It just seems insane that we have all this rhetoric about freedom in this country, yet when it comes down to something as basic as the freedom to end ones’ life in this state of pain and suffering, we are unfree to act.

    Absurd really.

  • http://www.blogger.com/profile/15712687960643444659 Mastigando cinzas

    Hi. Euthanasia will one day be the rule, rather than the exception; and we all desire it. However, to “euthanise” a person by retain or removing the drinking of WATER is cruel. I saw a friend of mine die of cancer, without the possibility of drinking water, and he in fact die of thirst. We could read “thirst” in his shrinking face. It would be much better to feed a dying person water one way or another. At least water, please.
    But, sure, religious folk will quickly arrive to defend their gods and the spectacle of THOUSANDS dying every hour of terrible diseases. They are gods with no guts. They just look and hear our cry, the crooks. But, gods were always of that insensitivity and coldness. We will one day sentence them to eternal perdition, the beasts!
    Julio.
    Johannesburg.

  • http://www.blogger.com/profile/16826768452963498005 Jim Lippard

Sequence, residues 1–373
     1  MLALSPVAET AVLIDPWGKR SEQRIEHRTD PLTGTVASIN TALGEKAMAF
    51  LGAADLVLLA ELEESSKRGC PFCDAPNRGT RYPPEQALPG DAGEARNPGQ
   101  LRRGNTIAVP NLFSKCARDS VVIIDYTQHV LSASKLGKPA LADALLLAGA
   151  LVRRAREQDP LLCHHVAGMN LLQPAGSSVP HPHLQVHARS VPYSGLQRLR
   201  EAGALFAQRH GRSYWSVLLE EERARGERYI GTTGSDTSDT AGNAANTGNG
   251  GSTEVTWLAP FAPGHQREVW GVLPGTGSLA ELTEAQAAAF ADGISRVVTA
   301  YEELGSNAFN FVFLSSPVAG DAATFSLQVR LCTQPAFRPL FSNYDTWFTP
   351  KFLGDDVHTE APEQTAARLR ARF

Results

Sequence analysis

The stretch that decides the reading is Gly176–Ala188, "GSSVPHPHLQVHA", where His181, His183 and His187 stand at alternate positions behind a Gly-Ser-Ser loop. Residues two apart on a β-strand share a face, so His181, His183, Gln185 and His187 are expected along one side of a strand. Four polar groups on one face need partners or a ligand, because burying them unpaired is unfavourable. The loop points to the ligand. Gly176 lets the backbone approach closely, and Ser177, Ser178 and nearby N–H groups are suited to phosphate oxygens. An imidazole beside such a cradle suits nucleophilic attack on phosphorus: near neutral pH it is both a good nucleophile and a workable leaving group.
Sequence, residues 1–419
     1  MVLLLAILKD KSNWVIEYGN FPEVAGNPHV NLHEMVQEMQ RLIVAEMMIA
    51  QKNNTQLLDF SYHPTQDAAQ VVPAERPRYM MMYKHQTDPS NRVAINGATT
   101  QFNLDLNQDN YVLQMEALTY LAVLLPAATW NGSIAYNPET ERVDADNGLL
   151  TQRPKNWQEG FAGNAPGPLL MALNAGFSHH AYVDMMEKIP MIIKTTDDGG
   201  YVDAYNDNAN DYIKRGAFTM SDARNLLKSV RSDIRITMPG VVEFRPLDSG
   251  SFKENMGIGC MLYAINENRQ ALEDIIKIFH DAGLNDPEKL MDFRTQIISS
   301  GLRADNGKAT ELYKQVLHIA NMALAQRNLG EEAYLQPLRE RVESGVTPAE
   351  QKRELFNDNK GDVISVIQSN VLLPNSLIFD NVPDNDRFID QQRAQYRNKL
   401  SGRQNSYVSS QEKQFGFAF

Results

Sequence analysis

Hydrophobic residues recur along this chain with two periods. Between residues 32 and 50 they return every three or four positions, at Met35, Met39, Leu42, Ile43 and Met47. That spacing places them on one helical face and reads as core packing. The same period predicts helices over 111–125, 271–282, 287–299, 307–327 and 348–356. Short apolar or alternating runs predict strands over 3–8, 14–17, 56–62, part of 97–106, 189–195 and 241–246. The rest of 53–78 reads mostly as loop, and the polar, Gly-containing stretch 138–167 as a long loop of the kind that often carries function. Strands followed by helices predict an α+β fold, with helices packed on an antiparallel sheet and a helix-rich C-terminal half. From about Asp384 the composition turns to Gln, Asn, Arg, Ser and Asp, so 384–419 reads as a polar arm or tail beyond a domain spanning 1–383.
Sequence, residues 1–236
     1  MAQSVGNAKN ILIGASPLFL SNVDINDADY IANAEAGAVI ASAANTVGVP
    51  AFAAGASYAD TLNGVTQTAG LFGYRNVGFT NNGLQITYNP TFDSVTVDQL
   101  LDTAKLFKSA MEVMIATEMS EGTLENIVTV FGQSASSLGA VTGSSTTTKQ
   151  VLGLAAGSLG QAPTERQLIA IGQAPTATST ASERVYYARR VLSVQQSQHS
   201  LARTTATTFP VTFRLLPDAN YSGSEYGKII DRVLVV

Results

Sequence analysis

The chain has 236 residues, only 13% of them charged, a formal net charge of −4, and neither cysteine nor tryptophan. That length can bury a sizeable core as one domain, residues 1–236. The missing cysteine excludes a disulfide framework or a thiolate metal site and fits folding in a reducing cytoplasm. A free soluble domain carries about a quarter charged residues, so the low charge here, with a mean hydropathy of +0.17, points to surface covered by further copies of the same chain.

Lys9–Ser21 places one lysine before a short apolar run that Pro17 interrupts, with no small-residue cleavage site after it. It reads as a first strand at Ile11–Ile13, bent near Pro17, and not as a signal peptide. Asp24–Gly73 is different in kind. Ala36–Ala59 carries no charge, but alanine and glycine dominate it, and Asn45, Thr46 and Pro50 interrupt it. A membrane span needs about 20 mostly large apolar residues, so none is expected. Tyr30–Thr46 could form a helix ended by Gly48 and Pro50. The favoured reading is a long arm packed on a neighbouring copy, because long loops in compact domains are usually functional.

Taner: My sympathies for your loss and the painful ending. It’s a pity that in such a circumstance we can’t legally do as well for our dying relatives as we can for our animals.

  • http://www.blogger.com/profile/14756613010715746115 Shreyas

    One of the reasons why Euthanasia is so controversial may be due to its legal implications apart from the "ethical" view point.If Euthanasia was allowed, then no doubt it would alleviate the sufferings of thousands of terminally ill patients, but in some cases it might lead to some pretty unpleasant situations- precisely why the UK Government rejected an appeal on the same issue some time back. Ailing Elders will find themselves in a situation where assisted suicide is legal and there may be a pressure on some of them in relation to things like property, land..(You get the drift). If Euthanasia is legalized, it has to be implemented with the utmost care and caution after assessing the condition of the patient or there will be rampant exploitation of this new found "boon or bane"?


CLOSE | X

HIDE | X